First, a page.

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Tricks With MS Word
Using MS Word's Reviewing feature to track changes to a document
All of Word's reviewing functions are accessible from the Reviewing toolbar, which is a collection of icons that look like this:
If you do not see this toolbar at the top of the Word application window, you can make it visible by clicking on "View > Toolbars" and checking "Reviewing" in the list of toolbars that appears in the drop down menu.
When made visible, the reviewing toolbar will look something like this in the context of the other toolbars you have visible:
The "insert comment" tool
Put your cursor in the place where you want the comment. Move your mouse over the icon that looks like a yellow sticky note (shown in the toolbar above). Click on that icon with your mouse. Now when you type, your typing will be a comment that will be indicated in the text of the document. As soon as you click anywhere else in the document you will no longer be writing part of the comment.
Using the reviewing tools to track edits to a document
You can type in the regular way in Word, or in the "Track Changes" way. In the "Track Changes" way, the changes appear in a different color. Any deleted material is still shown off to the side. Thus, this Tracks all Changes, indicating both the changes and the original. In the sentence below, the word "faculty" was changed to "community" and the word "entire" was inserted.
I hope this is a useful resource for the Eckerd
If you click on the icon that looks like the last of the "Reviewing" icons shown above, Tracking Changes will start. If you click on the same icon again, "Tracking Changes" will stop. This icon toggles back and forth from "Tracking Changes" to "Not Tracking Changes."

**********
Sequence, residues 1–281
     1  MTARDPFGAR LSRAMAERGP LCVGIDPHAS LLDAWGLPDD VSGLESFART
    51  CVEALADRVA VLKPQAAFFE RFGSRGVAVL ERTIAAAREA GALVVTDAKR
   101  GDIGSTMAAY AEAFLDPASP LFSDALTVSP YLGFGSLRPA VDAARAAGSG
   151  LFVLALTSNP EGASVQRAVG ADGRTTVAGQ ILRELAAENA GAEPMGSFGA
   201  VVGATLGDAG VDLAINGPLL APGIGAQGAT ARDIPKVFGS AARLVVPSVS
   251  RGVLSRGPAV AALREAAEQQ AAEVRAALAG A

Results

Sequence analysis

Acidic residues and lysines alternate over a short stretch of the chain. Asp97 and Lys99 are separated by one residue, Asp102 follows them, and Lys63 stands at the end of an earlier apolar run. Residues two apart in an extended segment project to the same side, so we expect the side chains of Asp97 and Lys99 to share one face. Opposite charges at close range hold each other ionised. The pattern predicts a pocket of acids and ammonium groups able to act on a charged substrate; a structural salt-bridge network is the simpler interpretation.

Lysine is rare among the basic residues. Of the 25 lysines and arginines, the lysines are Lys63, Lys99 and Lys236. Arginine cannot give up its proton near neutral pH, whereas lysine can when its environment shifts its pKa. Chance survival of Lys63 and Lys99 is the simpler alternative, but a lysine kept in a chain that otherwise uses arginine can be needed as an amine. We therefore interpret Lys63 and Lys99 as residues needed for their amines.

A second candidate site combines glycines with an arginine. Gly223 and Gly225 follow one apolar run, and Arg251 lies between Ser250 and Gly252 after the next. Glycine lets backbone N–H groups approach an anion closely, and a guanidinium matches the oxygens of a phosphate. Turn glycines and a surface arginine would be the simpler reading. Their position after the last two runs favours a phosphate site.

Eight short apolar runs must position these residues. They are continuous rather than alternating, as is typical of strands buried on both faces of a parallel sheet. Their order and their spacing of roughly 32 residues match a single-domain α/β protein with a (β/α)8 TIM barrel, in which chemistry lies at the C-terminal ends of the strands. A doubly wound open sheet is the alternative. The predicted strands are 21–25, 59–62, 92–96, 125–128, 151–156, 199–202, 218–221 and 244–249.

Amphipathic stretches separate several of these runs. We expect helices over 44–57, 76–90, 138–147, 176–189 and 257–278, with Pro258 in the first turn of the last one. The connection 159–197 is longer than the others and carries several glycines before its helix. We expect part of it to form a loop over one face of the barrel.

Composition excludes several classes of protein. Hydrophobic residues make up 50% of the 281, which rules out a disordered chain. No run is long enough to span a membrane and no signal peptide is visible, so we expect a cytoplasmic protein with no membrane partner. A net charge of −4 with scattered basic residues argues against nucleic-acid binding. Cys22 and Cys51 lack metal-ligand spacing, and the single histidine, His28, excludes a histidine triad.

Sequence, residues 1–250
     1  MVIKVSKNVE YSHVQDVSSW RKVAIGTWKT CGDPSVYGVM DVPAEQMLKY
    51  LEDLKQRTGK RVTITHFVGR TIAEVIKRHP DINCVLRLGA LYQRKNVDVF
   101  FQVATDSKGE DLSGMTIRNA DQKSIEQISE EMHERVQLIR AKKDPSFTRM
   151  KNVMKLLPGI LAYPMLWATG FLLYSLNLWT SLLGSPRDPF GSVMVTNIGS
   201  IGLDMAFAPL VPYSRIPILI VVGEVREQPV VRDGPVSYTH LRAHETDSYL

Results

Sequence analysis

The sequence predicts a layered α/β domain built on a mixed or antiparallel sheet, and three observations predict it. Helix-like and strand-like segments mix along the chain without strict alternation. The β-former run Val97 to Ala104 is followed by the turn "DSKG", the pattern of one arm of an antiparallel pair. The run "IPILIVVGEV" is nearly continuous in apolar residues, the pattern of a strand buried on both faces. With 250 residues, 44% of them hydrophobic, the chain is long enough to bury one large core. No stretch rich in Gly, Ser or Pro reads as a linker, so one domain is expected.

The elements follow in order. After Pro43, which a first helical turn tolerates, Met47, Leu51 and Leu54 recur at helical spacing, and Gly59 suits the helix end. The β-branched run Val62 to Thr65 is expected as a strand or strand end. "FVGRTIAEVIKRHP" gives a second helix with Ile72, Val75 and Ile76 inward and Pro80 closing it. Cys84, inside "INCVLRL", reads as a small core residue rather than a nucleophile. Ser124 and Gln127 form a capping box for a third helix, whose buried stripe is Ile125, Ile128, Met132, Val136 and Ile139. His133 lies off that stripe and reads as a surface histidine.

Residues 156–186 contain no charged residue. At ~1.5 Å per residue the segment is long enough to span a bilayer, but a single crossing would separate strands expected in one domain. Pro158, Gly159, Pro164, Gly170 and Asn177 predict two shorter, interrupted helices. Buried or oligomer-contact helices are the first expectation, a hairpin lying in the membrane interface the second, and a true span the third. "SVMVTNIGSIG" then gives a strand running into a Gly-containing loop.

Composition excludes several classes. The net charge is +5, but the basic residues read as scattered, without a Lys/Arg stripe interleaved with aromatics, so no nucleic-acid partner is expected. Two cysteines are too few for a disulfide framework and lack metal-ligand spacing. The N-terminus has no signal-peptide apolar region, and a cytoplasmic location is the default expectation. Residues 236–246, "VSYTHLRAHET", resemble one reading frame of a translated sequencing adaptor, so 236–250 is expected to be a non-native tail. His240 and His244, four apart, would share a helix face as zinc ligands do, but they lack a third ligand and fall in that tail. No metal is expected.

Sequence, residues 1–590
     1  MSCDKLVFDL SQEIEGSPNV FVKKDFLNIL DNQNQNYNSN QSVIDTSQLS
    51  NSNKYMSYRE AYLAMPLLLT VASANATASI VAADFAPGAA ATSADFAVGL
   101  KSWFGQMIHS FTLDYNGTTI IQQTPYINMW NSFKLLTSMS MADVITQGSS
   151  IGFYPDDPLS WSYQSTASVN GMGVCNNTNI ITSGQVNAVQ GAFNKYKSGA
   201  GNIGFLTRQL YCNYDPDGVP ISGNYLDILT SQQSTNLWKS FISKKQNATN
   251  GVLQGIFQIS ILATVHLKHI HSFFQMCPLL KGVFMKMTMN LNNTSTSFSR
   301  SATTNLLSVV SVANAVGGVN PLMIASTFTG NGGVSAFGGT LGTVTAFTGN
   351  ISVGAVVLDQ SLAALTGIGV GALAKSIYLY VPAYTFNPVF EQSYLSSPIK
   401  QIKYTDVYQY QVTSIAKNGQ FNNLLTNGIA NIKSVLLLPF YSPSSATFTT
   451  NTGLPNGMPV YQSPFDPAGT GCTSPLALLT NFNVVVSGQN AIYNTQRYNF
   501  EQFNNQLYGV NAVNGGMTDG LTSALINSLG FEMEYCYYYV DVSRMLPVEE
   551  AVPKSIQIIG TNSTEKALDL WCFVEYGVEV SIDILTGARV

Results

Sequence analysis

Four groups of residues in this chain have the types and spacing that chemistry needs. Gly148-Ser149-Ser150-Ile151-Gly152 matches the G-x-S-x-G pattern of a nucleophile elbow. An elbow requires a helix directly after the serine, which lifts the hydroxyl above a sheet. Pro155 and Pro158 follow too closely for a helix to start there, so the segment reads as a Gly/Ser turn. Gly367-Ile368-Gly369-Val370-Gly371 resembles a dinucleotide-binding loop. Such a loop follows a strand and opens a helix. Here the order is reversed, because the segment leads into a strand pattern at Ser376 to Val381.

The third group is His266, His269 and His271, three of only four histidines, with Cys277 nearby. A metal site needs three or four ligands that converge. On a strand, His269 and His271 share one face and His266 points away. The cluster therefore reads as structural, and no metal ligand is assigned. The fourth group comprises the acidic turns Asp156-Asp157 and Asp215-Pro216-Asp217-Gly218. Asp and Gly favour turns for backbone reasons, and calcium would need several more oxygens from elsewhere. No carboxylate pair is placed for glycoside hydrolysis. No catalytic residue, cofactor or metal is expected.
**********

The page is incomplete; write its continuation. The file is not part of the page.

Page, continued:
Many people find this "Track Changes" feature to be very useful when editing written work. Some professors use it when they edit students’ work and some require students to use it when they edit their peers’ work. Personally, I find it most useful when I am involved in submitting a grant or paper on which two or more people are working.
However, if you are submitting a grant proposal, you probably won't want all the "Comments" and "Tracked Changes" showing. The first and second icons in the list of "Reviewing" icons allow you to go to the previous and next change or comment respectively. The third and fourth icons respectively allow you to accept or reject changes. You can accept or reject the all the changes or the changes one by one. Up to a certain limit, each author will have different colors for their changes.
Using Word to create web pages directly
If you save a Word document to the web others cannot view it unless they have a program such as MSWord or OpenOffice on their own computer. If you save material as a Web Page, any browser can view the material. You can save a Word document directly as a Web Page. However, please be sure the name of the document does not have anything in it but letters, numbers, period, hyphen, or underscore. (Most people like to put in spaces but this may mess up some browsers.) Using any of these in the name of the document will really mess things up (/, ?, &, ", ', #)
Be sure the web page ends in .htm or .html (Mac users often fail to check. Windows usually does this automatically.)